astonishing rate. And more important than that, the rebellion that has
carried Sanders aloft is not afraid to put capitalism in the dock. Trump
is hardly about to do that, but the diseased state of the neoliberal
status quo has made him, too, a force to be reckoned with. However you
look at it, the age of acquiescence is passing away.
It should be added that while both right and left seek to build on
mass disposession, the left offers programs that appeal to those without
power, whereas the right seeks to redirect that fear and anger against
others, thereby insulating the wealthy from the wrath of the masses --
if not from the consequences of their own lust for violence.
Paul Krugman: Notes on Brexit: Eleven of them, concluding that Britain
would be slightly better off if they vote down the referendum threatening
to part company with the European Union. Still, the biggest point is that
exit would be bad for the City's financiers, which probably means as little
to the average Briton as Wall Street bonuses mean to most Americans. Beyond
that, he dismisses "claims that Britain, freed from EU rules, could achieve
spectacular growth via deregulation." I haven't read much on this topic
and don't have much to offer, other than the thought that exit might be
preferable if Britain was solidly to the left of Europe -- and therefore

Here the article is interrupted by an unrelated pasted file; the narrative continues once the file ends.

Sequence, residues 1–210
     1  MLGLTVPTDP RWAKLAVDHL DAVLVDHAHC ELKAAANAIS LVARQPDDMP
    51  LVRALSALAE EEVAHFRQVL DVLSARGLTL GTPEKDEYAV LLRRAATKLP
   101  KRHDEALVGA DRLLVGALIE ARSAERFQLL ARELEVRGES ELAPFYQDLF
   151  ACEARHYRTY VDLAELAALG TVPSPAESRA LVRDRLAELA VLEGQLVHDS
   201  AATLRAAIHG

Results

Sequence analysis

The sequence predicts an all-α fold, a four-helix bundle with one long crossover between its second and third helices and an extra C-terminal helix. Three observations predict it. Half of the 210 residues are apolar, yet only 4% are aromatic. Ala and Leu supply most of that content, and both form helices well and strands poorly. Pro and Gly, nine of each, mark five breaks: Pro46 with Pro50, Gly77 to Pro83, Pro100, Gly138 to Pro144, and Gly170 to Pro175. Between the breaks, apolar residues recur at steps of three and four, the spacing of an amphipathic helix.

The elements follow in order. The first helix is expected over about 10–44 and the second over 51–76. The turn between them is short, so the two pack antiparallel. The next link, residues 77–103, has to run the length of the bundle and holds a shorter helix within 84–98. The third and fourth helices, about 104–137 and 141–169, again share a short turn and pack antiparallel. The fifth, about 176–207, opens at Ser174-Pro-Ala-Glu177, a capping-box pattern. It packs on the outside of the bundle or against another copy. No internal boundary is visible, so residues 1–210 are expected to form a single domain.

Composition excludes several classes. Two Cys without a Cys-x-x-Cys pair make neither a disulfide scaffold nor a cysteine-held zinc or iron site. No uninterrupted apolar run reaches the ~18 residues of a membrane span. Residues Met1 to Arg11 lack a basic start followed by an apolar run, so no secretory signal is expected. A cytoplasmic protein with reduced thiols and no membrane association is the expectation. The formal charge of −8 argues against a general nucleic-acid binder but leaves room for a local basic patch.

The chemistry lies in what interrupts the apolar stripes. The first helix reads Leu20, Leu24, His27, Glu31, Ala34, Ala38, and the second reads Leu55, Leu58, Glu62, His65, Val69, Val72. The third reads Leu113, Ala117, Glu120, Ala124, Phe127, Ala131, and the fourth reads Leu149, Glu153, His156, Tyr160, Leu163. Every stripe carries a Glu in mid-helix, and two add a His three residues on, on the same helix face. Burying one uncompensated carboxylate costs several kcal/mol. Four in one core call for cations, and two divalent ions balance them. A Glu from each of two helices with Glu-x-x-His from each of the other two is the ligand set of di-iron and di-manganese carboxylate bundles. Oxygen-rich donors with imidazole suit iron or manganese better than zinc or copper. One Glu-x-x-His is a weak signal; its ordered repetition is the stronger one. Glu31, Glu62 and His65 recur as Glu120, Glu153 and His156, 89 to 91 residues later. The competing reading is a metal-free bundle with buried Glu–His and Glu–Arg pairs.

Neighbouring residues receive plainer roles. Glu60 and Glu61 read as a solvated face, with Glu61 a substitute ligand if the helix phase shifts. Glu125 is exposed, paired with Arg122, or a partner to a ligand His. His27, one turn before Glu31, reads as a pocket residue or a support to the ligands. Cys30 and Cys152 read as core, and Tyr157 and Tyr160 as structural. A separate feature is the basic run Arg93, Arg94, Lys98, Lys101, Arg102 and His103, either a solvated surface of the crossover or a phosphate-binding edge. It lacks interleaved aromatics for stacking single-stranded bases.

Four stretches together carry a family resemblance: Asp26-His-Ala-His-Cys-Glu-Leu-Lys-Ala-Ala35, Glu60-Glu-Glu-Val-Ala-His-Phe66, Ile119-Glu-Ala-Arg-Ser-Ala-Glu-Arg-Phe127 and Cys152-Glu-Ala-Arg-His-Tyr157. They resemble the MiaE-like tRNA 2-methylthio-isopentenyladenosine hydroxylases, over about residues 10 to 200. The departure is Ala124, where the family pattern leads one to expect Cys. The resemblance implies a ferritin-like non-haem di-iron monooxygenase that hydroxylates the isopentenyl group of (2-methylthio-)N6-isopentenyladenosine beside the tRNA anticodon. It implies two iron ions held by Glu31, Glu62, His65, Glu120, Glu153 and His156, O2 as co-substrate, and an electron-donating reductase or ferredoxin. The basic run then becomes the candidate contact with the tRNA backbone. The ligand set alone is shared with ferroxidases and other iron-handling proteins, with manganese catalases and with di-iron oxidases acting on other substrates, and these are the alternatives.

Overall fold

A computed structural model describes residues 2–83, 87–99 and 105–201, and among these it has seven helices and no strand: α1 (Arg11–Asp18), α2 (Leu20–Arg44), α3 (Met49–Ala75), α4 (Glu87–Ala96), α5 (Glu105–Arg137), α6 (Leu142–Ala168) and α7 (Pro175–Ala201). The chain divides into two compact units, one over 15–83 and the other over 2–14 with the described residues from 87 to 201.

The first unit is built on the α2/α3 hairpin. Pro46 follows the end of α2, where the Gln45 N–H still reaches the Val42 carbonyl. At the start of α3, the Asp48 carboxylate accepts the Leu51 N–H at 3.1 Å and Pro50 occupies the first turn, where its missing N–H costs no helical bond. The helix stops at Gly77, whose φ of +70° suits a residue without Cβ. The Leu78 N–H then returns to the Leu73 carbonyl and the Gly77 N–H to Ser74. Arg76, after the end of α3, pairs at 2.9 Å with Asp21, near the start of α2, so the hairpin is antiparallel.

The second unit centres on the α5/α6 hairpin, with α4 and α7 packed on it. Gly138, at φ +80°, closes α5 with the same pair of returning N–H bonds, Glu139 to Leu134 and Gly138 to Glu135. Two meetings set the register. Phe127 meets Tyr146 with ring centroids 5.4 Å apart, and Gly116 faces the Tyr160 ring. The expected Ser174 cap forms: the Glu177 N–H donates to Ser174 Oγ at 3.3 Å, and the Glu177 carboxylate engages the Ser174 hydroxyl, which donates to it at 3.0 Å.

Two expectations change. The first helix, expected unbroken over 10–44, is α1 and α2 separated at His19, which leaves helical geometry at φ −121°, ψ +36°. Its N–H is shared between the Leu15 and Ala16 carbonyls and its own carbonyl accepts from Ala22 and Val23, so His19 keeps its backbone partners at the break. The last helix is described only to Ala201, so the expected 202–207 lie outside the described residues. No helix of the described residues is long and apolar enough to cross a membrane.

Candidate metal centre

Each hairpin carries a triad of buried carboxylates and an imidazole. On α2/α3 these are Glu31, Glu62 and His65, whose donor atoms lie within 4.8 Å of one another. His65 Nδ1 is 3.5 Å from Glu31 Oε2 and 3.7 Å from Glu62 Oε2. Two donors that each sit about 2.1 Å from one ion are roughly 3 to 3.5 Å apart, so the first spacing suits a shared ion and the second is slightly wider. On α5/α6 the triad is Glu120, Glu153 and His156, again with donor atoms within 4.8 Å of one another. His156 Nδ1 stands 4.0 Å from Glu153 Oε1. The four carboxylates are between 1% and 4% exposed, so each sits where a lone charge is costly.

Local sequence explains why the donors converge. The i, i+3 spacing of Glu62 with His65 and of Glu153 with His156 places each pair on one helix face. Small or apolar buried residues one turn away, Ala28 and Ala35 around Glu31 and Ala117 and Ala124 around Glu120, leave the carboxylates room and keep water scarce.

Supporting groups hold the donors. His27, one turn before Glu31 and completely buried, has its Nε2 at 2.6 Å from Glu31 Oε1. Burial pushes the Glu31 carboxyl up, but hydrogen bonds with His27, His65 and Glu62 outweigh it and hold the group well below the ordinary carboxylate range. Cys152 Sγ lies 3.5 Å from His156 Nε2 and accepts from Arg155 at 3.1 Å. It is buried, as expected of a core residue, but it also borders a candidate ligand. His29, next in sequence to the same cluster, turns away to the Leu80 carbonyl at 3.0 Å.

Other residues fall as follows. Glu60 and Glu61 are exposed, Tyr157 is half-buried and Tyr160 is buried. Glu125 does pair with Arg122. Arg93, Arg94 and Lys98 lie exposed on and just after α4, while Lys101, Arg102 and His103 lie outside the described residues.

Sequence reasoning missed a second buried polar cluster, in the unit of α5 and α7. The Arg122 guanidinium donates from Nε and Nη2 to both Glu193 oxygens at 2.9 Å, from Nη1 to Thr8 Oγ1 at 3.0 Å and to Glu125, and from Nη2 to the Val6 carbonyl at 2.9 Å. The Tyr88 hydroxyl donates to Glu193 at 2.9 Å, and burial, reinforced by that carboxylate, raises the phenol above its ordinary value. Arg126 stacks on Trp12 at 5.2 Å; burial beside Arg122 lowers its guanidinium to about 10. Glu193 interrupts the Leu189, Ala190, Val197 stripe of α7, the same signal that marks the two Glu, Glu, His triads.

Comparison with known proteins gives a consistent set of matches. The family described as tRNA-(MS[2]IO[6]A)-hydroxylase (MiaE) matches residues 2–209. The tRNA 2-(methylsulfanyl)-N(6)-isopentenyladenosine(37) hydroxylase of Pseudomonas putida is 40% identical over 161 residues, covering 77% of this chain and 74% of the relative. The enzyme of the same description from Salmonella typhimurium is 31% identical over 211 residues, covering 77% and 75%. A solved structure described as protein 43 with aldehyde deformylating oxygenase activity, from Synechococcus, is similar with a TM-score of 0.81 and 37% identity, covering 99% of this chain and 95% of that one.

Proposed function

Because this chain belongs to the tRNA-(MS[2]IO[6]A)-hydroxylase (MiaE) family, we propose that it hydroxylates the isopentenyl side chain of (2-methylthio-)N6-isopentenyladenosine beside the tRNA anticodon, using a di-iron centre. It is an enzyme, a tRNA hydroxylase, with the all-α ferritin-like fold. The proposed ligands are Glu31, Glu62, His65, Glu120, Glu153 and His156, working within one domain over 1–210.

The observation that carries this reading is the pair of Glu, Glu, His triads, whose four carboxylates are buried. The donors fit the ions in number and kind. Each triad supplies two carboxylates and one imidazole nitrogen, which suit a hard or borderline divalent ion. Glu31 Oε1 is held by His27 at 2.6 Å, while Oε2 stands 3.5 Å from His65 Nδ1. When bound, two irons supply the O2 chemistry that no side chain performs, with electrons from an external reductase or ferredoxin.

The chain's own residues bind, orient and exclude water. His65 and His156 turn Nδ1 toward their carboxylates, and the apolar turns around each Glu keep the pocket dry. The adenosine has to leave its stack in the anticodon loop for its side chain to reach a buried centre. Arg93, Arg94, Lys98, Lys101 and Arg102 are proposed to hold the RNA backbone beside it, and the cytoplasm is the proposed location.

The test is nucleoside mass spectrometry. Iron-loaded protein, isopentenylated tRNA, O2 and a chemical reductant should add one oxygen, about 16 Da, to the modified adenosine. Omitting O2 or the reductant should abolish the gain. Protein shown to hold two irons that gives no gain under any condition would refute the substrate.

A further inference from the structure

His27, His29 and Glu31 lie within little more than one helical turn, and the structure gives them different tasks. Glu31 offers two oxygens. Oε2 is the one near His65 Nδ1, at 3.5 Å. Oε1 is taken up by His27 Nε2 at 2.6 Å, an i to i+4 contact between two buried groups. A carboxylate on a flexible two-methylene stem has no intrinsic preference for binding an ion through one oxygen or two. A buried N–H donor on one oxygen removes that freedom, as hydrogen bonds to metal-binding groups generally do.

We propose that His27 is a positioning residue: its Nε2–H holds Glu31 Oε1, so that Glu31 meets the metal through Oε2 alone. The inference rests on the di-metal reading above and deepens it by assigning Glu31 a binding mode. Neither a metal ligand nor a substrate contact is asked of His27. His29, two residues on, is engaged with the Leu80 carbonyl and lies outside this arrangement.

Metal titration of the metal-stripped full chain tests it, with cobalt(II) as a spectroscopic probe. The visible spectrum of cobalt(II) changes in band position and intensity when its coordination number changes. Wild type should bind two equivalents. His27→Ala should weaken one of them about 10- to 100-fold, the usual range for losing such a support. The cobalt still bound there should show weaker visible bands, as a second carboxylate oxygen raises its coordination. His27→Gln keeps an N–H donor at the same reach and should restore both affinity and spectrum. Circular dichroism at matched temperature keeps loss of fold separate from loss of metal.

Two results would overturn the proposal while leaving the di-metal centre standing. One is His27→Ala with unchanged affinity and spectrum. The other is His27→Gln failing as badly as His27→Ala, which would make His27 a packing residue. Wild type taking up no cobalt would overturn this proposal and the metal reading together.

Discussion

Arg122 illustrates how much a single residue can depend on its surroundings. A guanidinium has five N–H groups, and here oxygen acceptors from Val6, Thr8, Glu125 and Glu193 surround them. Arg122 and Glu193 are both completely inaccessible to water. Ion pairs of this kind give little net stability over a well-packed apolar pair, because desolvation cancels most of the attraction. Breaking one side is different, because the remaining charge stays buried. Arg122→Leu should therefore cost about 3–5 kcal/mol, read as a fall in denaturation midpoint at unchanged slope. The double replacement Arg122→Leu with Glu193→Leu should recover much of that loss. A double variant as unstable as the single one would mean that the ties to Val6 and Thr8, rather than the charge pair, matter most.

able to use its independence to further equality -- but with the Tories
controlling Parliament that pretty clearly isn't the case. (On the other
hand, Scottish independence would likely have moved Scotland to the left,
although that wouldn't have been good for English Labour.)
The Brexit thing took a nasty turn with the assassination of
Jo Cox, a Labour MP who strongly opposed Brexit, by a right-winger
who shouted "Britain first" while attacking her. It would be fitting
if her martyrdom swings the vote to no, but I can think of more than a
few strategic assassinations that, often despite initial sympathy, did
the job. As for the killer, there is much available, like
Ben Norton: Suspected killer of British lawmaker is neo-Nazi -- but media
blamed mental illness, like Charleston 1 year ago.
Stephen Kinzer: Don't mythologize Ali's rage: Probably much more
worth reading on the late Muhammad Ali, but this is a good start,
focusing on his courageous political stances against racism at home
and imperialism abroad, and how recent eulogies tend to sanitize him
in a time when "his message is every bit as urgent today as it was
when he first began preaching it."
Ronald B Rapoport/Alan I Abramowitz/Walter J Stone: Why Trump Was
Inevitable: Nothing deep or surprising or even very informative
here. The authors merely did some polling among likely Republican
voters and found out that Trump was the most popular candidate,
beating all the others in one-on-one contests with Cruz (48%),
Rubio (43%), Carson (42%), Paul (37%), and Fiorina (36%) his closest
challengers -- the most notable finding is that among ten contenders
(the polling was done around Iowa caucus time) the lowest rating
belonged to Jeb Bush (31%), with Kasich and Christie just a whisker
better (32%). Another chart shows that Republicans thought Trump was
more likely to win in November than any other candidate (56%, vs.
44% for Cruz, 39% for Rubio, and a mere 13% for Bush). Other charts
show that Trump's signature issues (banning Muslims, building his
wall) were widely favored not just among Trump supporters but among
all Republicans. As I said, nothing revealing there (except perhaps
how doomed the Bush campaign was from the beginning).